Functional complementarity of different types of English texts
University teachers' voices and experiences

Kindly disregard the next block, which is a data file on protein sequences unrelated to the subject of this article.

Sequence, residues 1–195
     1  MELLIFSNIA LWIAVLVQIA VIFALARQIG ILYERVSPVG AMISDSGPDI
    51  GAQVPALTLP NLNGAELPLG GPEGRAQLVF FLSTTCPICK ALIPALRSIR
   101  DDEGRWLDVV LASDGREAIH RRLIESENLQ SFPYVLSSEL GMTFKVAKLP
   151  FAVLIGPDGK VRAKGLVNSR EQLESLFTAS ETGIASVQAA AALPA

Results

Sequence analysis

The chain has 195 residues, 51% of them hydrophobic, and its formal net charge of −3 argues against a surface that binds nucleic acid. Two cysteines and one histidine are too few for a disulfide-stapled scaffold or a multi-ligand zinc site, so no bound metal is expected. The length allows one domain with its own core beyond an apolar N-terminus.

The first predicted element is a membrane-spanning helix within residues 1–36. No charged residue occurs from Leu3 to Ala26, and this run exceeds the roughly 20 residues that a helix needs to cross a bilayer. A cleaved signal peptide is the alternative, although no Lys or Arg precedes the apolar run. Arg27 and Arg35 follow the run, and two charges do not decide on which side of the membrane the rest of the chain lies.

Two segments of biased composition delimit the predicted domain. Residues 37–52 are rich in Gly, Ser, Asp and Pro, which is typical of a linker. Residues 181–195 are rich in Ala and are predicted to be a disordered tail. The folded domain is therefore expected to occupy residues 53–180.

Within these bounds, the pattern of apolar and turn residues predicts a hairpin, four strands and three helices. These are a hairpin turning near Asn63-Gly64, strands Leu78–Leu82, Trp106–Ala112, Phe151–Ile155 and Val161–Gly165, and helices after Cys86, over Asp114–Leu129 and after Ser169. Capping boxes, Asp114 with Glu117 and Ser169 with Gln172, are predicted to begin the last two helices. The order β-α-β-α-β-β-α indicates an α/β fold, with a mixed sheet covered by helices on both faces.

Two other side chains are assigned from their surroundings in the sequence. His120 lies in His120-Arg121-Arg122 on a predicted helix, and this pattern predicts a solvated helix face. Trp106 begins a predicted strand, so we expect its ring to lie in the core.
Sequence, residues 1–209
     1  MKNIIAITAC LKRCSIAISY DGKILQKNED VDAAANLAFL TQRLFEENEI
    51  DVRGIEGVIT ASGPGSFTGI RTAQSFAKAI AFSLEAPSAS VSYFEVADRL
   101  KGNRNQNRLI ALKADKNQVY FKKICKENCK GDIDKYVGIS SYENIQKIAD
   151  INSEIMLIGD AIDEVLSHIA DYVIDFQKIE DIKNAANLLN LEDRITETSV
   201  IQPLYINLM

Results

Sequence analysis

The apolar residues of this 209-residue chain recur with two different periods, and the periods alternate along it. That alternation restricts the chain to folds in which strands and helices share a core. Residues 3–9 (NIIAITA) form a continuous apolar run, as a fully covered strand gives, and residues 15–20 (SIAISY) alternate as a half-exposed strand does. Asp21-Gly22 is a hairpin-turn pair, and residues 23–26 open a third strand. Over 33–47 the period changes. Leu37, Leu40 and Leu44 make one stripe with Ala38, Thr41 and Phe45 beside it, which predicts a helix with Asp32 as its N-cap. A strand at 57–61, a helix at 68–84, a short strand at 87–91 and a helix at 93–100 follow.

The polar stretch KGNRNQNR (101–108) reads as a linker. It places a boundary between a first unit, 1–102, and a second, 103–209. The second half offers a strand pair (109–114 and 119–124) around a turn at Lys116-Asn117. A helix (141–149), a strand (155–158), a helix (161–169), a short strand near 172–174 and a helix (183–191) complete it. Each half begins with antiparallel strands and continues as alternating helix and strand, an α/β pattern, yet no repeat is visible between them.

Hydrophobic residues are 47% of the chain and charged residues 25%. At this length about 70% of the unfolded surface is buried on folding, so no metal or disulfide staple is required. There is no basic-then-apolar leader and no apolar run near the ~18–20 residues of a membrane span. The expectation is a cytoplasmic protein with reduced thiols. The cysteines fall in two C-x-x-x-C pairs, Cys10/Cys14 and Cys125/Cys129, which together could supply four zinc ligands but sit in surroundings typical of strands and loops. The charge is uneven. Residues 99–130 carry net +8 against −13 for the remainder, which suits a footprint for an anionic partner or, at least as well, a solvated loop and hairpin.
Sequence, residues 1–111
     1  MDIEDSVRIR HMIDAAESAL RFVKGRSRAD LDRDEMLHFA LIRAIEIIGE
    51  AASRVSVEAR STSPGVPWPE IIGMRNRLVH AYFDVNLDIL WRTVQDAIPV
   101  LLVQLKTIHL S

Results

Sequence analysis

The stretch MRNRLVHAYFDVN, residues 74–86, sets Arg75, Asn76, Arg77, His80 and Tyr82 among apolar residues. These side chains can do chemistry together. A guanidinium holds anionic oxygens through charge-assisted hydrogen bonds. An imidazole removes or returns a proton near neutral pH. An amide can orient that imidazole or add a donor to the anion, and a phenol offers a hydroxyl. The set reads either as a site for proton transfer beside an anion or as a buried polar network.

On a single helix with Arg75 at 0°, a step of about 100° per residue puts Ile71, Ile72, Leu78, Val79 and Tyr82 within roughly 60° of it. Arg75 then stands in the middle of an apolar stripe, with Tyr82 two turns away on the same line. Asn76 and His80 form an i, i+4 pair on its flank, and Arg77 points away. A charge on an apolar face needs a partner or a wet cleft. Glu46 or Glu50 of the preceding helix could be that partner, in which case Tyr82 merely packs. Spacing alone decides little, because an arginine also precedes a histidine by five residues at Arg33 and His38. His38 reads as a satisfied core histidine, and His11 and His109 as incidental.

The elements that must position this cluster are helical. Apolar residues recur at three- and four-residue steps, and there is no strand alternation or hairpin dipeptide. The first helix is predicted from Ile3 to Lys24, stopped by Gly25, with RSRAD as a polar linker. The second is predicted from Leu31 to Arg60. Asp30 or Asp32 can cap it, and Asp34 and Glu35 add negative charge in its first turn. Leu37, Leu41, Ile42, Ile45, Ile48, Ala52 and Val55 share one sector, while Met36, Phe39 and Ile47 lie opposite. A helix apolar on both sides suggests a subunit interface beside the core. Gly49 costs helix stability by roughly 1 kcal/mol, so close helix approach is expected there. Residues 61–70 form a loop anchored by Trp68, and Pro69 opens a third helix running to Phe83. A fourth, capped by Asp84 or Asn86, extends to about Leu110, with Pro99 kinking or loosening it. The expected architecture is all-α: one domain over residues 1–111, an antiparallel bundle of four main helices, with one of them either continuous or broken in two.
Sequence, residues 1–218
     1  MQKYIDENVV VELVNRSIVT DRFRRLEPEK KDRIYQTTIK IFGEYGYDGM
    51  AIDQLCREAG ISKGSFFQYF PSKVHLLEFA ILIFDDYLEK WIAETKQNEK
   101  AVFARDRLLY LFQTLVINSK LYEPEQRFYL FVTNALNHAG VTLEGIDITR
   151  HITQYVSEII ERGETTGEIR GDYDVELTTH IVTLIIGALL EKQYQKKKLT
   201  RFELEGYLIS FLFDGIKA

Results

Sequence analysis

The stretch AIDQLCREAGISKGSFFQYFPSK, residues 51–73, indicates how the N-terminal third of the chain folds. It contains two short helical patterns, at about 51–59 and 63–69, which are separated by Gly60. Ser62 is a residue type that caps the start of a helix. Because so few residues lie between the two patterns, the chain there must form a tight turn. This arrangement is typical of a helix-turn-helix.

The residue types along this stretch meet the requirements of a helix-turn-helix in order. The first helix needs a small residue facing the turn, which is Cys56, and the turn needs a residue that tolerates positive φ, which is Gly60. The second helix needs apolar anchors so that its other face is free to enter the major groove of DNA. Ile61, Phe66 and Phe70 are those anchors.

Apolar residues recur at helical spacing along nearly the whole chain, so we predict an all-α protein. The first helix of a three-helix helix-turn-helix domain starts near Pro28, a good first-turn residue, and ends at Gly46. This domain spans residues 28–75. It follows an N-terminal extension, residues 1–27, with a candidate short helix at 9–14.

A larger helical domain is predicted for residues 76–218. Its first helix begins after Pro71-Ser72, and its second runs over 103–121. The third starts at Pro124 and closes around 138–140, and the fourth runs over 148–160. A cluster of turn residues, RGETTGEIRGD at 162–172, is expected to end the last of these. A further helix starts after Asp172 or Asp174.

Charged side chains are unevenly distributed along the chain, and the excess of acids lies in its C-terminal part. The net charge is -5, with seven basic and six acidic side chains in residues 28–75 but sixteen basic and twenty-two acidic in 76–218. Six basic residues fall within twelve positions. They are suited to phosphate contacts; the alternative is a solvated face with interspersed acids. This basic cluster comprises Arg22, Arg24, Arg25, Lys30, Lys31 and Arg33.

The Faculty of Education under Tribhuvan University, Nepal, has recently shifted to a diversified approach to the selection of texts for its Bachelor of Education (B.Ed.) and Master of Education (M.Ed.) English reading courses. Apart from the conventionally prioritized native English texts, the courses incorporate texts in nativized varieties of English from international target cultures as well as texts in the emerging variety of English from students' home culture. However, in Nepal, there is a lack of research on the potential pedagogical contribution and cultural significance of texts originating from different cultures. In this respect, the present paper aims to explore university teachers' voices with regard to different types of texts and their experiences of dealing with such texts in the classroom. The qualitative data collected from six reading teachers through a semi-structured interview were analyzed thematically. Findings reveal the teachers’ awareness of functional complementarity of texts stemming from target culture, international target cultures and students' culture. As reported, different types of English texts are assumed to have complementary functions to inscribe and express local and global experiences. However, despite valuing each type of text, reading teachers tend to ascribe greater linguistic value to native English texts than nonnative texts, with the implication that the weight of native English texts continues to dominate ESL/EFL reading courses.
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